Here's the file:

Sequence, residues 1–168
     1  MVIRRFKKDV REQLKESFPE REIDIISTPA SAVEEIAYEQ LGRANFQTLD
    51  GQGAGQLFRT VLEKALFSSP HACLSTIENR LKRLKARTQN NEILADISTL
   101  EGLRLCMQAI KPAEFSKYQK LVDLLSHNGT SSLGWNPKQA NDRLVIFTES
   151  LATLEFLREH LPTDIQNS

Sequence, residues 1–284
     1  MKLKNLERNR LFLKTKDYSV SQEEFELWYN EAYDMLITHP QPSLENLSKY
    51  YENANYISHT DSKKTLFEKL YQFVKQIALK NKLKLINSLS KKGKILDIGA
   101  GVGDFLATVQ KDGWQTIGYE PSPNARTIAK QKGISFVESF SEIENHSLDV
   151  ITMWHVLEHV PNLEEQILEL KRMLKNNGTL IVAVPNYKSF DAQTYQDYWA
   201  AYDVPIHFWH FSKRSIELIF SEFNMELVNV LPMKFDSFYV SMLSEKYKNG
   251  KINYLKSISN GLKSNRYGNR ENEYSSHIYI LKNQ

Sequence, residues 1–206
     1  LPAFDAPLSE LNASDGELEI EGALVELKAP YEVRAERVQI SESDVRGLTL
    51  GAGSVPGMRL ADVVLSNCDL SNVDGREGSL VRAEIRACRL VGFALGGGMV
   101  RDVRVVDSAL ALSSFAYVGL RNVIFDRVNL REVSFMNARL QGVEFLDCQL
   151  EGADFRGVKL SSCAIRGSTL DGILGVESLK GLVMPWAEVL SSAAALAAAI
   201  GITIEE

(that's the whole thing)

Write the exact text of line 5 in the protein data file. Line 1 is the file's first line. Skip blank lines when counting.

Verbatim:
   151  LATLEFLREH LPTDIQNS